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What is antimicrobial resistance (AMR) and why is it an urgent threat to global health?

AMR is the ability of microbes (such as bacteria, viruses, fungi) to counteract the effectiveness of antimicrobial drugs used against them. There are three main classes of antimicrobial drugs: antibiotics, antivirals and antifungals. Even when used appropriately, antimicrobials can create a selective pressure for resistant microorganisms. However, the development of resistance is accelerated by the misuse and overuse of antimicrobials in human, animal, and plant health along with the pollution of the environment with antimicrobials and antimicrobial resistance genes.

AMR is a serious and urgent threat to global health as antimicrobials have been one of the key pillars of modern medicine since the discovery of penicillin by Alexander Fleming in 1928. Although antivirals and antifungals are indeed susceptible to resistance, antibiotics are of particular concern due to the rapid ways that bacteria can develop resistance mechanisms and transfer them through the population. This website places a heavy emphasis on antibiotic resistance due to the fact that when we talk about infections becoming resistant, this very often means bacteria becoming resistant to antibiotics. Additionally, of the three classes, antibiotics are used and misused at the highest rates which strongly contributes to the development of resistance in bacteria.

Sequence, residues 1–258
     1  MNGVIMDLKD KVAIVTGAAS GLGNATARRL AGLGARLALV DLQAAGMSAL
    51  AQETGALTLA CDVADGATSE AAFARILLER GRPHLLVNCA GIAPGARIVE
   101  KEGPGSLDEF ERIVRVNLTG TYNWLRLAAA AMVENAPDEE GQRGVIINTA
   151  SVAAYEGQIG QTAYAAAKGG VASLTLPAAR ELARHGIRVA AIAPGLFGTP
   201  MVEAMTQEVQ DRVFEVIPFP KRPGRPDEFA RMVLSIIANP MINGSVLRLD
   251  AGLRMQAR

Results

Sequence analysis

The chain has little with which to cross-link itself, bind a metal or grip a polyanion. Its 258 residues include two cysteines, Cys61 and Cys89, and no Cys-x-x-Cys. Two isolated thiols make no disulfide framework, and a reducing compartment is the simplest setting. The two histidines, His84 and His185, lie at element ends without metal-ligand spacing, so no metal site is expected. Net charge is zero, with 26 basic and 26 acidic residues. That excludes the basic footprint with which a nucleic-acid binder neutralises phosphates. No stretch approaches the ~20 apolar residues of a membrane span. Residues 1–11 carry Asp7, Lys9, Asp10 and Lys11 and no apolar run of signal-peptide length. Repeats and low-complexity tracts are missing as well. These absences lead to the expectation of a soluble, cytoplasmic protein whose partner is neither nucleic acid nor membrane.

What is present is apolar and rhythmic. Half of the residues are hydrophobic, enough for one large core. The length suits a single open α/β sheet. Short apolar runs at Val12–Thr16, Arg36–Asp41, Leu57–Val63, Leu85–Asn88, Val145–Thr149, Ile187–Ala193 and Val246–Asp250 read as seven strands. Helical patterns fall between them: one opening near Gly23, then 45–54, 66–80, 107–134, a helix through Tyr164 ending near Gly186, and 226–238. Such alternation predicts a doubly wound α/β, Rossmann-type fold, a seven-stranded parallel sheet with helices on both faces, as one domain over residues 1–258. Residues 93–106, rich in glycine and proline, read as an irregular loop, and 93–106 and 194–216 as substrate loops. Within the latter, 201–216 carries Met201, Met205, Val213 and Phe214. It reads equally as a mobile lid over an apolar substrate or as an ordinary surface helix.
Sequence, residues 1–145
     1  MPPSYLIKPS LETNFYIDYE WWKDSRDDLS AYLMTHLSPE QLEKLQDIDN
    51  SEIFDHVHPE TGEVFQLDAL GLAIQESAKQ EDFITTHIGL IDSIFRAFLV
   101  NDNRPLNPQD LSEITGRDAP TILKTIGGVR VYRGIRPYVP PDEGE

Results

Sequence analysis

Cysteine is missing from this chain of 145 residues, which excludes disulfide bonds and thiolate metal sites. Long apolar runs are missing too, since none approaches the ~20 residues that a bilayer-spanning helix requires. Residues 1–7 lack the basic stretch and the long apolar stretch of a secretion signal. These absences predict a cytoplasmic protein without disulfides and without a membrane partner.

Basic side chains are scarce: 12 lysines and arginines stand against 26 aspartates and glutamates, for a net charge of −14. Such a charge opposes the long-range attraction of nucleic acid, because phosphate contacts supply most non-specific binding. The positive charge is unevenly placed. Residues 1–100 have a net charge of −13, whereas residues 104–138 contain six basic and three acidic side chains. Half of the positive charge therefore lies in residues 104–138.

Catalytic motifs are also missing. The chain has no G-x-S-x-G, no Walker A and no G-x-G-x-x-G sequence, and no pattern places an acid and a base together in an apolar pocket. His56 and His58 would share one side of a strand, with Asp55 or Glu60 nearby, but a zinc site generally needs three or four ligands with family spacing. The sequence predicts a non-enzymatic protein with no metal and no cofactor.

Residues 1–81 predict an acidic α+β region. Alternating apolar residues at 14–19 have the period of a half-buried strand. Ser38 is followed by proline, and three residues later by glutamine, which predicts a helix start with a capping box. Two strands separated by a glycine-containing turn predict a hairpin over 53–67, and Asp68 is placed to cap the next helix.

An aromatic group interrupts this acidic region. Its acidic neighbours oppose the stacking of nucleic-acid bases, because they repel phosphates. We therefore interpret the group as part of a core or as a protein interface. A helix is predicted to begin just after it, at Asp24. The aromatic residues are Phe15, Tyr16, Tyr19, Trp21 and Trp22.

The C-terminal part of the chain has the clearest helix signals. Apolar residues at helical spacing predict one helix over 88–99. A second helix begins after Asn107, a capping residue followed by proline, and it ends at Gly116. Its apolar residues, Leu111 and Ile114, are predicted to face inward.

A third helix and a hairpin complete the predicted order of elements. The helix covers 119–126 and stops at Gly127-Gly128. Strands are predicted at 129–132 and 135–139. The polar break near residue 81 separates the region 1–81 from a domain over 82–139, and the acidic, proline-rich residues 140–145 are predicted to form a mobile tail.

Human medicine is only the tip of the iceberg in the development of AMR; antibiotic use in animal husbandry accounts for 73% of all use globally. Any of us could be the next victim of AMR. According to United Nations experts, in the next 30 years 2.4 million people in Europe, North America, and Australia could die from drug-resistant infections (WHO, 2019). As life-saving antibiotics stop being effective, AMR could end our capacity to combat infections and halt all surgical procedures. This makes AMR a global health threat that needs international coordination and legislation to be addressed.